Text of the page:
The film I, Robot originally had no connections with Isaac Asimov's Robot series. It started with an original screenplay written in 1995 by Jeff Vintar, entitled Hardwired. The script was an Agatha Christie-inspired murder mystery that took place entirely at the scene of a crime, with one lone human character, FBI agent Del Spooner, investigating the killing of a reclusive scientist named Dr Hogenmiller, and interrogating a cast of machine suspects that included Sonny the robot, HECTOR the supercomputer with a perpetual yellow smiley face, the dead Dr Hogenmiller's hologram, plus several other examples of artificial intelligence.
The project was first acquired by Walt Disney Pictures for Bryan Singer to direct. Several years later, 20th Century Fox acquired the rights, and signed Alex Proyas as director. Jeff Vintar was brought back on the project and spent several years opening up his stage play-like cerebral mystery thriller to meet the needs of a big budget studio film. When the studio decided to use the name "I, Robot", he incorporated the Three Laws of Robotics, and replaced his female lead character of Flynn with Susan Calvin, one of the few recurring characters in the Robot series by Asimov. The original I, Robot was a collection of short stories; but the new screenplay incorporated many elements of Asimov's The Caves of Steel, a murder mystery involving a robot and a police officer. Akiva Goldsman was hired late in the process to rewrite the script for Will Smith.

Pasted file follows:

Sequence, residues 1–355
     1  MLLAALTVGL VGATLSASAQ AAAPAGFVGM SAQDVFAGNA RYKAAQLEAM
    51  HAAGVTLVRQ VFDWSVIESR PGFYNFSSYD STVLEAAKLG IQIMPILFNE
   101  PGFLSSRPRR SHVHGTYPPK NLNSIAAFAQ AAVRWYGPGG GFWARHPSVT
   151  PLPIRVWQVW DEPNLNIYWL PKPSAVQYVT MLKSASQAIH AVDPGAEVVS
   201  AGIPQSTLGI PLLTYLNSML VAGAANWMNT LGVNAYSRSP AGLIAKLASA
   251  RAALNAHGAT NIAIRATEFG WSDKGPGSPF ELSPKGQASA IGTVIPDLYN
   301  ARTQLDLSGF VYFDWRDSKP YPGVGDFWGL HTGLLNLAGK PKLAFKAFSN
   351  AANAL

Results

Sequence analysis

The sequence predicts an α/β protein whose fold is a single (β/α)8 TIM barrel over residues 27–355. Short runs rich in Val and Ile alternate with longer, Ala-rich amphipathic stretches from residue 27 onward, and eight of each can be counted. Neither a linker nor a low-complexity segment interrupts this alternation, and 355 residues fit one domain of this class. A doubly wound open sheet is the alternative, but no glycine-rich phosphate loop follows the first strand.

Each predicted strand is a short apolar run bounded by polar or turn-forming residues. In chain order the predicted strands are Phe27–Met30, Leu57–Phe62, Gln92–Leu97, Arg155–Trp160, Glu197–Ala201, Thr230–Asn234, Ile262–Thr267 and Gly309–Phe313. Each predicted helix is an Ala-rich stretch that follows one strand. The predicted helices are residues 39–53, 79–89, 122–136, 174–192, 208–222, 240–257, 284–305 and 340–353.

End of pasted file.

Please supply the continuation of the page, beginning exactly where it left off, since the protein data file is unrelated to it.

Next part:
Jeff Vintar and Akiva Goldsman are credited for the screenplay, with Vintar also receiving "screen story by" credit. The end credits list it as "suggested by the book I, Robot by Isaac Asimov".
Alex Proyas directed the film. Laurence Mark, John Davis, Topher Dow and Wyck Godfrey produced the film, with Will Smith an executive producer. Marco Beltrami composed music for the film. Simon Duggan was the cinematographer. Film editing was done by Richard Learoyd, Armen Minasian and William Hoy. The film contains very noticeable product placements for Converse's Chuck Taylor All-Stars, Audi, FedEx, Tecate and JVC among others. The Audi RSQ was designed specially for the film to increase brand awareness and raise the emotional appeal of the Audi brand, objectives that were considered achieved when surveys conducted in the United States showed that the Audi RSQ gave a substantial boost to the image ratings of the brand in the States. It also features an MV Agusta F4 SPR motorcycle.
The film was met with generally mixed to positive reviews. The $120 million film was a solid box-office success, earning almost $145 million in North America and more than $200 million overseas. It currently holds a 58% "Rotten" rating on Rotten Tomatoes based on 194 reviews with the consensus being, "Bearing only the slightest resemblance to Isaac Asimov's short stories, I, Robot is a summer blockbuster that manages to make the audience think, if only for a little bit."